I recently bought a bike and although I previously had one, that was six years ago when the money came out of my dad’s pocket instead of mine. This time round, it is all different so its safe to say that I have learnt a few things.
Deciding which bike to buy can be a difficult process. There will always be bikes that appear to be better than yours in some way or another. The key to getting around this problem is working out what you need, finding a bike that matches your requirements and then going ahead and buying it. Waiting an dwelling on it will only reduce the number of days of summer that you can enjoy your bike for. If you have the money, then go ahead and buy it instead of waiting for its price to go down.
Once you buy the bike, don’t think about whether it has gone cheaper now. Being a student, money is of course very tight and it did hurt a bit to realise that I could have used a voucher code to get 10% off my bike. Then I realised that the little extra I could have saved was not important. What was important now was enjoying my bike that I had spent my hard earned money on.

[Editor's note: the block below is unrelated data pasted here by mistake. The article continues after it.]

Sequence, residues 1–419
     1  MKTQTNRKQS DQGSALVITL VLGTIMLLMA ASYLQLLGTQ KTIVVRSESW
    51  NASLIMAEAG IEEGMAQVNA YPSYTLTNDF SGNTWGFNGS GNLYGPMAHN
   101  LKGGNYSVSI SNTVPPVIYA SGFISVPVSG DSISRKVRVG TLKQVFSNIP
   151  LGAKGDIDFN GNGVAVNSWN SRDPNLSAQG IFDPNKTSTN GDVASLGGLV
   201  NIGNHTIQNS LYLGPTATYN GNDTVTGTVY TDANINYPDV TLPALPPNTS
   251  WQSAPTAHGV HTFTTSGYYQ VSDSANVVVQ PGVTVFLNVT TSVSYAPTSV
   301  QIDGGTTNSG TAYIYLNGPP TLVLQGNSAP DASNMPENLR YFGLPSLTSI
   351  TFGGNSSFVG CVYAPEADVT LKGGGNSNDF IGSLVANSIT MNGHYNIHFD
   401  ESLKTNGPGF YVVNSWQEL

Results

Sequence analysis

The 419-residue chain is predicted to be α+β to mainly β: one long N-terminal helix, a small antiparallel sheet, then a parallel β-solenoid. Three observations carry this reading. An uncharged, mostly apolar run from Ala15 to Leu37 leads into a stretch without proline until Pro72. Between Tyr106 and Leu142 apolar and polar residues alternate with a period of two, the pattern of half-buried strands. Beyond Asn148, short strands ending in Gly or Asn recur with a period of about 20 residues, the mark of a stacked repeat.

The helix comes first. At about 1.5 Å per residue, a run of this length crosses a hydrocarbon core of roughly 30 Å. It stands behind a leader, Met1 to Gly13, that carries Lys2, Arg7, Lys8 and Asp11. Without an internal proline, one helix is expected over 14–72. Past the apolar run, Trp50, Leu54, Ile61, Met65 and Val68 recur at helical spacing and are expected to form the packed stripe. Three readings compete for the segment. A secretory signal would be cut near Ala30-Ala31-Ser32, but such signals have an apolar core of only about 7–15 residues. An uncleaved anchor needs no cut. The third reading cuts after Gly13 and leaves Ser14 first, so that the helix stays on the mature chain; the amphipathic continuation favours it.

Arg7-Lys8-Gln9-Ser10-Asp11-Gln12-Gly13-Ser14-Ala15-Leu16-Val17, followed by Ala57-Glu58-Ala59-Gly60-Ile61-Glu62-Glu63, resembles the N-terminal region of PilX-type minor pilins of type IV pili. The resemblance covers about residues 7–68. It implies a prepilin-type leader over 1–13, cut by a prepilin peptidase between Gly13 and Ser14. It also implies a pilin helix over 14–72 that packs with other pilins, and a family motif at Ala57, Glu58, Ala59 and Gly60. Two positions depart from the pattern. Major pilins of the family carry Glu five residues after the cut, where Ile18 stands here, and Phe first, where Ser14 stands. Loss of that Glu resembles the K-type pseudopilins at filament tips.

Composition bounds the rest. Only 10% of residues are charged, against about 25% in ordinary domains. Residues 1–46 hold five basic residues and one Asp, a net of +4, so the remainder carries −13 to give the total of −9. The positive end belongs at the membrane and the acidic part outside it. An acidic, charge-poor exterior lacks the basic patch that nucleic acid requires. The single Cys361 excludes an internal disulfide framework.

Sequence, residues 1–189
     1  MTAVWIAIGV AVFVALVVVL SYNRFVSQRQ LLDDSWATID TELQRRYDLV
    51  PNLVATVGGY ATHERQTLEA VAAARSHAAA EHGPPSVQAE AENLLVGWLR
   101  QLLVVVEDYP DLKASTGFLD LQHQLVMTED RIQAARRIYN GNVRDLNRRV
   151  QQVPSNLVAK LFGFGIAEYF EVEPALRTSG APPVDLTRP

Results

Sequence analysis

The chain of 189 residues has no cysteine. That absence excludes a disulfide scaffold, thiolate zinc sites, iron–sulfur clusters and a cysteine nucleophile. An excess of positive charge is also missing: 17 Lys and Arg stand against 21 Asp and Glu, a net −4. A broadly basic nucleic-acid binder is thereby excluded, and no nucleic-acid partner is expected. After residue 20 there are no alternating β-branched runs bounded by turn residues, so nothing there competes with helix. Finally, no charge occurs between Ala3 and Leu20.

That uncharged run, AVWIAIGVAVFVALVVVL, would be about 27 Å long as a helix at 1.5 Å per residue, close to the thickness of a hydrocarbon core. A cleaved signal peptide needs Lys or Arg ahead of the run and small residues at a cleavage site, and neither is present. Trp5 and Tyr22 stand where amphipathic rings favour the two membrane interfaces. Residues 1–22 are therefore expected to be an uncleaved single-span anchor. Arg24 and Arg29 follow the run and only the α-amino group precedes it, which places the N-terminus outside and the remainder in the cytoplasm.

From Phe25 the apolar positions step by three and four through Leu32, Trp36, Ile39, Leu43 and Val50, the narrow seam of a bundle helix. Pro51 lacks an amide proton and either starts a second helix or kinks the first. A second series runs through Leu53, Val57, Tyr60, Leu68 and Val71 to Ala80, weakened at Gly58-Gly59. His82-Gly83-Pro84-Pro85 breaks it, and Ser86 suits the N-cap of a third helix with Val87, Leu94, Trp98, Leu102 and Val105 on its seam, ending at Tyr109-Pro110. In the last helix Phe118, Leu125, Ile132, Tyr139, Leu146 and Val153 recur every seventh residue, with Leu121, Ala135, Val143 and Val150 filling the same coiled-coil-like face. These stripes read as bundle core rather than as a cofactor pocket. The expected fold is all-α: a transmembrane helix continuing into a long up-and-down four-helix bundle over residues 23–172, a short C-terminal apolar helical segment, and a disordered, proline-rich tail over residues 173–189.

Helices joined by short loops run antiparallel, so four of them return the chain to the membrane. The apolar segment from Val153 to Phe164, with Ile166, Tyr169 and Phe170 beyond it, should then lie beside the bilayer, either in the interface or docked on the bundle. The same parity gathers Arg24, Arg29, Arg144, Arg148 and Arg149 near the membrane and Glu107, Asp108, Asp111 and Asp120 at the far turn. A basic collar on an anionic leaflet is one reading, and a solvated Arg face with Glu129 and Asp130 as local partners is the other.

Another thing is that there are quite a few added costs to buying a bike. Whether it is a bicycle care plan (£19.99 at Halfords), mudguards or a lock, these all add up so remember to factor these things into your budget. The lock tends to be the most expensive depending on how well you want to protect your bike. Also remember that a good strong lock will add around 1.3kg to the weight of your bike. Which means when you go on a leisurely bike ride, then don’t take it along with you if you won’t need it!
I primarily bought my bike to ride to university next year but have yet to tackle the issue of arriving at university all hot and bothered. Tomorrow though is a test ride as I’ll be riding to work in the early hours of Sunday morning. Don’t worry, anti-perspirant is in the bag. Eek.
The final thing about having a bike is that it is great! You can go on lovely bike rides and have amazing fun but sometimes riding on the road can be slightly frightening. Especially when turning right while traffic is speeding in both directions. As a cyclist, you’re not as wide as a car so your rear does end up feeling vulnerable if you have to stop to turn.
Until Next Time
A Worried Student